Class-size Reduction Policies and the Quality of Entering Teachers. Labour Economics, Vol 36 (2015)

Preprint Version, June 2015

Class-size reduction (CSR) policies have typically failed to produce large achievement gains. One common explanation is that CSR forces schools to hire low-quality teachers. Prior studies of this hypothesis have been hindered by poor data. Using different data, we find that hiring quality did fall with state-wide CSR. However, this drop was temporary due to attrition by the lowest performers. Furthermore, the drop was similar for schools classified as treated and control for prior evaluations of CSR. Therefore, differences in the quality of incoming teachers cannot explain the estimated performance of CSR. This is consistent with hiring spillovers in connected markets.

How Do Principals Assign Students to Teachers? Finding Evidence in Administrative Data and the Implications for Value-Added. Journal of Policy Analysis and Management, Vol 34(1) (2015). (Joint with Cassandra Guarino, Mark Reckase, & Jeff Wooldridge)

Preprint Version

The federal government’s Race to the Top competition has promoted the adoption of test-based performance measures as a component of teacher evaluations throughout many states, but the validity of these measures has been controversial among researchers and widely contested by teachers’ unions. A key concern is the extent to which nonrandom sorting of students to teachers may bias the results and lead to a misclassification of teachers as high or low performing. In light of this, it is important to assess the extent to which evidence of sorting can be found in the large administrative data sets used for VAM estimation. Using a large longitudinal data set from an anonymous state, we find evidence that a nontrivial amount of sorting exists—particularly sorting based on prior test scores—and that the extent of sorting varies considerably across schools, a fact obscured by the types of aggregate sorting indices developed in prior research. We also find that VAM estimation is sensitive to the presence of nonrandom sorting. There is less agreement across estimation approaches regarding a particular teacher’s rank in the distribution of estimated effectiveness when schools engage in sorting.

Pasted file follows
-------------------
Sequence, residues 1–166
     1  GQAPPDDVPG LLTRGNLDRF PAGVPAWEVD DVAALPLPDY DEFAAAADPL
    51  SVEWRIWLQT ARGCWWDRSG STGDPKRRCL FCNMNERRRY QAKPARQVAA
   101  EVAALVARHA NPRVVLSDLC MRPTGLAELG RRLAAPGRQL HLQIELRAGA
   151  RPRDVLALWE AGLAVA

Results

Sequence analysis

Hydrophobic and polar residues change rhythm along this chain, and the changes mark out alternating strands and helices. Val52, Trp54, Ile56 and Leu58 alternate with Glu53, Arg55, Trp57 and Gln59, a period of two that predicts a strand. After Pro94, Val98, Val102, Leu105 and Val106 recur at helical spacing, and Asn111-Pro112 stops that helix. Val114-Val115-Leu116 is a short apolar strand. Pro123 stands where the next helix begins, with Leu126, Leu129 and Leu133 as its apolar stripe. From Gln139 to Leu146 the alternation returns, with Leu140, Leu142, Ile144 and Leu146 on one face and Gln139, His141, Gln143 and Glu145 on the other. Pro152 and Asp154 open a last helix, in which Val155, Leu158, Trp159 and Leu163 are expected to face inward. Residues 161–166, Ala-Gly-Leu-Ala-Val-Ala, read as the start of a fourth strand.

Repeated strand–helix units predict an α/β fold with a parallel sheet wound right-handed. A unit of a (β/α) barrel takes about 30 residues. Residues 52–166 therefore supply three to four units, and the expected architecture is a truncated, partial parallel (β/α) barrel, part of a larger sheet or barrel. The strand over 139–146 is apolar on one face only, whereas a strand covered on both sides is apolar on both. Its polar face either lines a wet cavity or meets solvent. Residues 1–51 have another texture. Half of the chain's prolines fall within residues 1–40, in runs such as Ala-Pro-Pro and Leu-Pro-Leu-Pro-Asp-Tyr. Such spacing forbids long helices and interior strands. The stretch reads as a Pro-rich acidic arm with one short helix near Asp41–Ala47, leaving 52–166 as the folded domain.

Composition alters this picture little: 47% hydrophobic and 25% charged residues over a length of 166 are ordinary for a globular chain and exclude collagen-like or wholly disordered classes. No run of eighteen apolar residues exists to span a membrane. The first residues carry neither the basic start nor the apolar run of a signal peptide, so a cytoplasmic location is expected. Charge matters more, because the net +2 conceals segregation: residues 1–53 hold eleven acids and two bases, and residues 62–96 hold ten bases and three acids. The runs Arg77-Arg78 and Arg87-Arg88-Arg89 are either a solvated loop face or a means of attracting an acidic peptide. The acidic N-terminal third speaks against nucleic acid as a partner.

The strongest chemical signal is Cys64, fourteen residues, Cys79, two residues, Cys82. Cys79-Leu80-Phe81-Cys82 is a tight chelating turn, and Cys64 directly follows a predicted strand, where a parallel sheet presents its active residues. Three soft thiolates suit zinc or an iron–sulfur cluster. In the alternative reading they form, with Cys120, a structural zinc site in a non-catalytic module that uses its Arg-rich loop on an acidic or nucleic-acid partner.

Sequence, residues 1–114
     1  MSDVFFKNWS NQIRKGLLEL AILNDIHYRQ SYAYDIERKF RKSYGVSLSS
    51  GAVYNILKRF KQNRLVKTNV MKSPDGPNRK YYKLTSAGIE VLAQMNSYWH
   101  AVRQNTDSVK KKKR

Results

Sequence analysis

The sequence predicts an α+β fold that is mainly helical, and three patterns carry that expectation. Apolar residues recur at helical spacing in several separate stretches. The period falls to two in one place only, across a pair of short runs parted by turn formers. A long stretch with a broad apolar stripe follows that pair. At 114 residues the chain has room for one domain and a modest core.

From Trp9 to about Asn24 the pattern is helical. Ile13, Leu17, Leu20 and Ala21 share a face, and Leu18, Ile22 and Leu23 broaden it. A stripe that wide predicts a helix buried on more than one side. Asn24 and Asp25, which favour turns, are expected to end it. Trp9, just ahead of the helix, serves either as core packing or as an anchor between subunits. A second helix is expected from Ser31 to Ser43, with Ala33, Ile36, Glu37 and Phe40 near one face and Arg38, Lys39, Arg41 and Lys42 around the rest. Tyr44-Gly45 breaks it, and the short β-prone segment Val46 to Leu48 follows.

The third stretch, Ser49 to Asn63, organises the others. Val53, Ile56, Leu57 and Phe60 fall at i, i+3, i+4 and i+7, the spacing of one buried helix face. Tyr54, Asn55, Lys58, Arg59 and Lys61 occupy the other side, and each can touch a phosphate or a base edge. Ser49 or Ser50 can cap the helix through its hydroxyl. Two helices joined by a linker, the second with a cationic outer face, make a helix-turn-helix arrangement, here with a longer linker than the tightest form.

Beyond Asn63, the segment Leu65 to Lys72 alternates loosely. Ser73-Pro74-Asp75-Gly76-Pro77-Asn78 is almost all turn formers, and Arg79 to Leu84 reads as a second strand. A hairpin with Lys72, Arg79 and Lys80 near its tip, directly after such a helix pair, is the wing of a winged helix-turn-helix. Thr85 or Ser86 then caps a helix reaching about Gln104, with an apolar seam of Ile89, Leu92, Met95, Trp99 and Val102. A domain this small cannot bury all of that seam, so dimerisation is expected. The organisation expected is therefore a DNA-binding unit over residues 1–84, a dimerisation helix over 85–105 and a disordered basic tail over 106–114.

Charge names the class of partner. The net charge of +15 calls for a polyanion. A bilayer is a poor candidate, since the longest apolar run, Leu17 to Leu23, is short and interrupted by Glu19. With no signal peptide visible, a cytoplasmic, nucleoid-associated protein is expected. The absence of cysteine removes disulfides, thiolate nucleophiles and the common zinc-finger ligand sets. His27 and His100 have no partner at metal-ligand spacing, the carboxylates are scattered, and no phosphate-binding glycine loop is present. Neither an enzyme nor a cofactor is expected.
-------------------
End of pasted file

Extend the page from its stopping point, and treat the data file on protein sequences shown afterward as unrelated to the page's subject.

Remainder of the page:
What Can We Learn About Effective Mathematics Teaching? A Framework for Estimating Causal Effects using Longitudinal Survey Data. Journal of Research on Educational Effectiveness, Vol 6(2), (2013). (Joint with with Cassandra Guarino, Anna Bargagliotti, and William Mason)

This study investigates the impact of teacher characteristics and instructional strategies on the mathematics achievement of students in kindergarten and first grade and tackles the question of how best to use longitudinal survey data to elicit causal inference in the face of potential threats to validity due to nonrandom assignment to treatment. We develop a step-by-step approach to selecting a modeling and estimation strategy and find that teacher certification and courses in methods of teaching mathematics have a slightly negative effect on student achievement in kindergarten, whereas postgraduate education has a positive effect in first grade. Various teaching modalities, such as working with counting manipulatives, using math worksheets, and completing problems on the chalkboard, have positive effects on achievement in kindergarten, and pedagogical practices relating to explaining problem solving and working on problems from textbooks have positive effects on achievement in first grade. We show that the conclusions drawn depend on the estimation and modeling choices made and that several prior studies of teacher effects using longitudinal survey data likely neglected important features needed to establish causal inference.